Evaluating a Franchisor Marketing Program

By Rick Bisio | Creator of The Educated Franchisee | Franchise Consultant

One of the many benefits of joining a franchise is the marketing that is made possible when you’re part of a large organization. As I say in Chapter 6 of my franchise book, The Educated Franchisee, the marketing power of a franchise system has the same advantages as a business with a dozen locations in a market. The franchisor is significantly more efficient than any individual franchisee can be. Professional marketing materials are expensive and valuable, so having materials provided by the franchisor is a key resource that works to your advantage.

The marketing should drive customers to the franchisees without having to hire and manage an outside marketing firm. A consistent marketing message helps build the franchise brand across the marketing area. Because all the franchisees pay into the marketing fund, the franchisor can hire a strong marketing firm and afford larger media buys that an individual franchisee probably could not afford. And because a large franchisor has enough marketing volume, the franchisor can negotiate national pricing agreements and deliver saving to the local franchisees.

So Why is the National Marketing Program often Problematic?

The marketing program is commonly an area of conflict between franchisors and franchisees. Sometimes, the conflict is warranted. Many times, it’s not.
Consider this.

Marketing programs are funded by mandatory contributions made by franchisees. Some franchisors require a fixed amount; others charge a percentage based on the gross sales of the unit, but either way, it’s required of all franchisees.

Even though we all see ads, direct mail pieces, etc., most of us really have no idea what goes into creating, executing and monitoring these programs. But we think we do.

It’s always difficult to spend money on something you have little or no control over and perhaps especially hard for the entrepreneurial individuals who gravitate to franchise ownership.

It’s easy to second guess, and look at the expense, without considering the absolute necessity of a strong franchise marketing program.

That said, marketing is an art as well as a science. Some programs are effective and some are not, so you do want to do your best to evaluate the program and make sure it will work before you sign any franchise documents!

Here are some questions to ask the franchisor:

  • How much marketing will the franchisor conduct in your market? How are marketing dollars allocated? Ad dollars go a lot further in rural Wisconsin than they do in New York City.
  • Is your market a typical market? If the majority of the materials are aimed at a certain demographic, and your market is made up of a different demographic, how will that be handled?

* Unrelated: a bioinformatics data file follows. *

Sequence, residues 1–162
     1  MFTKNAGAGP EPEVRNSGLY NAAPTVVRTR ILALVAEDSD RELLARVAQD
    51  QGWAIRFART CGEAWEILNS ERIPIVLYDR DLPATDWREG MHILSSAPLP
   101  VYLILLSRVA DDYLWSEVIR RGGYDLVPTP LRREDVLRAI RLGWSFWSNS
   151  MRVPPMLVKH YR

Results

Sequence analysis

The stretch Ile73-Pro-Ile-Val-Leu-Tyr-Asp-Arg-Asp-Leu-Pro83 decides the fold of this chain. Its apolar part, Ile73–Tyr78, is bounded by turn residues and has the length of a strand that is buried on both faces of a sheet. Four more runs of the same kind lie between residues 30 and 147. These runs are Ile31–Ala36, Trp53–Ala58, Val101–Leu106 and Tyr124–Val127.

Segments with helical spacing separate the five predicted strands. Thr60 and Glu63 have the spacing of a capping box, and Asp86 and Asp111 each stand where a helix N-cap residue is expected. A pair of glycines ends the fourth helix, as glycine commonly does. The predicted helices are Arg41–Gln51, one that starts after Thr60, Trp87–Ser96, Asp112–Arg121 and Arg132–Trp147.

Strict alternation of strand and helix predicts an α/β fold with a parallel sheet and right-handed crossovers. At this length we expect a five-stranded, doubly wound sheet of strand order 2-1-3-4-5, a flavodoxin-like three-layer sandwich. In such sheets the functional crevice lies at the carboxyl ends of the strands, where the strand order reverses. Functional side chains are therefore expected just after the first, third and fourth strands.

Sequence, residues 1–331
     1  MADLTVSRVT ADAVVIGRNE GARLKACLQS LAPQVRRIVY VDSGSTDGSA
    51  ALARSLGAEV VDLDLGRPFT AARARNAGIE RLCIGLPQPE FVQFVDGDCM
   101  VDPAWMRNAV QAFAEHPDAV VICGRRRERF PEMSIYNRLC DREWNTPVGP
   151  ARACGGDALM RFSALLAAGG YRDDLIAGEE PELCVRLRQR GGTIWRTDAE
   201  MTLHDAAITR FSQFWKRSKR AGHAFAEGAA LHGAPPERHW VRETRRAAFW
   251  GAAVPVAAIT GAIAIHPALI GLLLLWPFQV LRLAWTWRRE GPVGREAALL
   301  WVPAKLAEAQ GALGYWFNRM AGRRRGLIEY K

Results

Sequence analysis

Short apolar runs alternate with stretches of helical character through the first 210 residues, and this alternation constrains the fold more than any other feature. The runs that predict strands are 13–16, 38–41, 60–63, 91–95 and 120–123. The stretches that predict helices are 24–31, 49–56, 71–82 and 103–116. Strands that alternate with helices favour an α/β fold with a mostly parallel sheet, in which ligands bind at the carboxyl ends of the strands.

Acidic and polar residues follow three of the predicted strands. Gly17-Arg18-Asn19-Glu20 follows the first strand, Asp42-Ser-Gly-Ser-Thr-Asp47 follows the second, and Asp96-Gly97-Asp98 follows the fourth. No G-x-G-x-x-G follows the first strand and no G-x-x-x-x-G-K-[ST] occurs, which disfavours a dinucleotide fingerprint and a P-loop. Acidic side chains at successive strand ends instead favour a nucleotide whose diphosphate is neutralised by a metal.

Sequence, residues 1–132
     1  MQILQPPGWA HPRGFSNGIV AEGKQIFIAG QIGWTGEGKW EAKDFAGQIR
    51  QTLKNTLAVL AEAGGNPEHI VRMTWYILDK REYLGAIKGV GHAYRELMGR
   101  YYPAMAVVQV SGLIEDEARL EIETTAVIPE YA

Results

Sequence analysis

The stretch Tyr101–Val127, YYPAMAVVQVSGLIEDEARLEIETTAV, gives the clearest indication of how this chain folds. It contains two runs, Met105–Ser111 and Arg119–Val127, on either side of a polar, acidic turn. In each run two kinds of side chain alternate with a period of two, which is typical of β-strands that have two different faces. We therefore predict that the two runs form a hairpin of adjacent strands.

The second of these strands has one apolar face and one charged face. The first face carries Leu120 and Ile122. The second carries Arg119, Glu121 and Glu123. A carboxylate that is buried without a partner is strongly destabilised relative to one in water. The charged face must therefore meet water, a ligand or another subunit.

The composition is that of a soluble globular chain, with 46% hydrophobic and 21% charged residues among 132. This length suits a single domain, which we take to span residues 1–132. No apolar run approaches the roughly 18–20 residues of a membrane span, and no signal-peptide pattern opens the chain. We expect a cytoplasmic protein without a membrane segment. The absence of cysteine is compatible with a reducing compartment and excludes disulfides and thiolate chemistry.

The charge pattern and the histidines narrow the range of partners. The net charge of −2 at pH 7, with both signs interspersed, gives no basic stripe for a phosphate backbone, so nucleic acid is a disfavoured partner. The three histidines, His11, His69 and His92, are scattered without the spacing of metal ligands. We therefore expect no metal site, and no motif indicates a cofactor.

• Are franchisees responsible for any marketing, and if so, what components? Is the price of those components included in the mandatory marketing contribution?
  • What percentage of the marketing budget is spent on image advertising vs. call to action advertising?
  • What elements of the program are most effective?
  • How is the marketing program evaluated, and how often? Are results shared with franchisees?
  • Is the marketing program fully transparent? Will the franchisor provide you with an annual accounting of both the income and the expenses of the national advertising program?
  • Ask the franchisor if s/he will send you copies of their ads and promotional pieces during your franchise investigation. Most franchisors will send items that are in the public domain.
  • Here are some questions to ask the franchisees:
  • Do they keep track of how their customers find them? If so, what percentage is from the marketing program (vs. word of mouth, driving by, etc.)?
  • Which tactics work best? Electronic marketing? Television ads? Direct mail?
  • What things – if any – would the franchisee change about the marketing program?

The bottom line: Perhaps the simplest measure is this: If you talk to a number of franchisees, and most are unhappy with the marketing program (for reasons other than cost), you will probably be unhappy as well.

Conversely, if most franchisees feel the program is working (even if they think it costs too much) it is probably an effective franchise marketing program that will be an important factor in your future success!

The Educated Franchisee is dedicated to franchise education through the sharing of franchise information.

Our objective is –To create educated franchise buyers that have clearly defined objectives and are able to recognize the right, or wrong, franchise when they see it. An educated franchise buyer will move into the franchisee role with their expectations properly set and will have a heightened potential for success within the franchise system creating a win/win for all involved.”
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